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Everything posted by MarkHoog

  1. Cole's not the only one who's had Monica Bellucci dreams.
  2. I just posted a slowed down version of that conga line stuff, a couple of posts above. It kinda sounds like the brushes from The Bookhouse Boys from the Original Soundtrack, with some strangely cut piano stuff over it.
  3. I slowed down the music from the opening scene, just for sh#ts and giggles. It reveals nothing.
  4. I've been enjoying most (but definitely not all) of this season, but this is the first time that I've actively disliked an episode. Sure, it was funny that I could've learned a foreign language in the time it took that French lady to leave Cole's room, but frankly I've had my share of that this season. I'm sorry, but unlike my ability to love and be kind my patience actually has limits. The podcast often discusses the fact that a lot of what we see will/might be appreciated differently once we've seen the whole batch of episodes, so yeah, until then I can't be bothered with whatever's rattling in Sarah's kitchen, Billy's (?) whereabouts and whether the two women in the Roadhouse have any relation to that armpit scratching lady that we'll probably never see again. The only scene that really grabbed me was the one with Ben Horne. There's was a sad, pensive sort of sweetness to it.
  5. All I know is that this is the most expensive Windows screen saver I've ever seen.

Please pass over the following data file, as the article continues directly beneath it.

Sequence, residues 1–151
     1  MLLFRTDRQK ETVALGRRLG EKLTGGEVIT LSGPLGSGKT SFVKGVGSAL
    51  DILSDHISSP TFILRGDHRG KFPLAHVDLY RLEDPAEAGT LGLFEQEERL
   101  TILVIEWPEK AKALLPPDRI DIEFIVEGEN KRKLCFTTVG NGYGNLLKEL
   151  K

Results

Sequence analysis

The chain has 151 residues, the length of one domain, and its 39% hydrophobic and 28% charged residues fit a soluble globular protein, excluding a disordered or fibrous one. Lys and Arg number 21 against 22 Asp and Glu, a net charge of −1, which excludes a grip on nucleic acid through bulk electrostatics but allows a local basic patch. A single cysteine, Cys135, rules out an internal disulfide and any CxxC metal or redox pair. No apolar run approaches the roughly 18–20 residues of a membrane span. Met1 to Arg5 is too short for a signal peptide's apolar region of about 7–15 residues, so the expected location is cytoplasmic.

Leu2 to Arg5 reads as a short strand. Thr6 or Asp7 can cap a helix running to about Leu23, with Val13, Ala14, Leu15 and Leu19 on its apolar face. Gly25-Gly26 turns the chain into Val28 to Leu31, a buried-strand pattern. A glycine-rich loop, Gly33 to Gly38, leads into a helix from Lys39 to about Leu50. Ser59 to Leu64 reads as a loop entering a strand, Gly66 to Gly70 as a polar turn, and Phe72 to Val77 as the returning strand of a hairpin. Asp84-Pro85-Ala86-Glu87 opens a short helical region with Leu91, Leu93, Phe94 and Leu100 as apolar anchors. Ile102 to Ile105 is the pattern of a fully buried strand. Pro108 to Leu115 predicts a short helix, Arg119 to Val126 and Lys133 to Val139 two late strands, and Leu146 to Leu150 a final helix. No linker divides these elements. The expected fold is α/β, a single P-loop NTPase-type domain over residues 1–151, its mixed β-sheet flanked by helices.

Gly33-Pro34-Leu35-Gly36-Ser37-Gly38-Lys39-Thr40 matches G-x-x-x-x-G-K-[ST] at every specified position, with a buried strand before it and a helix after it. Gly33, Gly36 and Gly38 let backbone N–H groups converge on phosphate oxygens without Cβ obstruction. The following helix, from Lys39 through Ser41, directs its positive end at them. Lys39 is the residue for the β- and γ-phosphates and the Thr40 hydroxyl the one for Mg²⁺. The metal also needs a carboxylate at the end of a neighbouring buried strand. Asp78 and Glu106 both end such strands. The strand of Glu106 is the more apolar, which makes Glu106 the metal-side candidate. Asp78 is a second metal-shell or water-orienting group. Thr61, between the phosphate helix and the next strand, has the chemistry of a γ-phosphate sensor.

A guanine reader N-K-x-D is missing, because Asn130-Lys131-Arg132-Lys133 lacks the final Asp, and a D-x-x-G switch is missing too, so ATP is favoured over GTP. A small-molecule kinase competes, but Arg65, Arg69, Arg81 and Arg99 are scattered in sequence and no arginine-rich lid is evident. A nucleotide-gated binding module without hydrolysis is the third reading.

6. The mic issues were okay once I imagined it was just Rob cosplaying as a Big Daddy for the occasion ;-)
  7. Those extras in the street, though.
  8. Sorry if this has already been posted earlier, but I suddenly remembered actually having seen the poop story. This is a "commercial" sketch for Sure Lock ("No Sh#t, Sure Lock!"), going back to 2007
  9. About the long sequences without checkpoints, isn't that how the first 45 minutes of Nier: Automata are? I love how that game plays with conventions by putting a kind of 'endgame run' at the very beginning. Also, Rob's discussion about the "Tears" song in Max Payne 3 was totally spot on. That moment is my all time favourite music moment in games. It's funny how Rob almost described it the same way that I did in my book (only I did it in Dutch :-D)
  10. Whoa, great interpretation. Also, I think Death by Motion Blur is going to be the name of my new post-punk band.
  11. I did not like the scene with Michael Cera, but I loved the exchange that Gordon had with Denise. The lines, the timing, the composition - it really clicked with me. Same goes for the interrogation of evil Coop. Boy, that was creepy. (Is MacLachlan wearing dark matte lenses while playing that character or something? His eyes just look so... dead... like a shark's. By the way I am starting to get a little worried about the kind of 'stunt casting', for lack of a better term. Whenever we get an exterior shot of a new location, my head's going: 'I wonder which A-list tv actor/Lynch alum will show up for a single scene in this one.' Of course, that's totally me, but there are just sooo many familiar faces in this. Am I alone in this?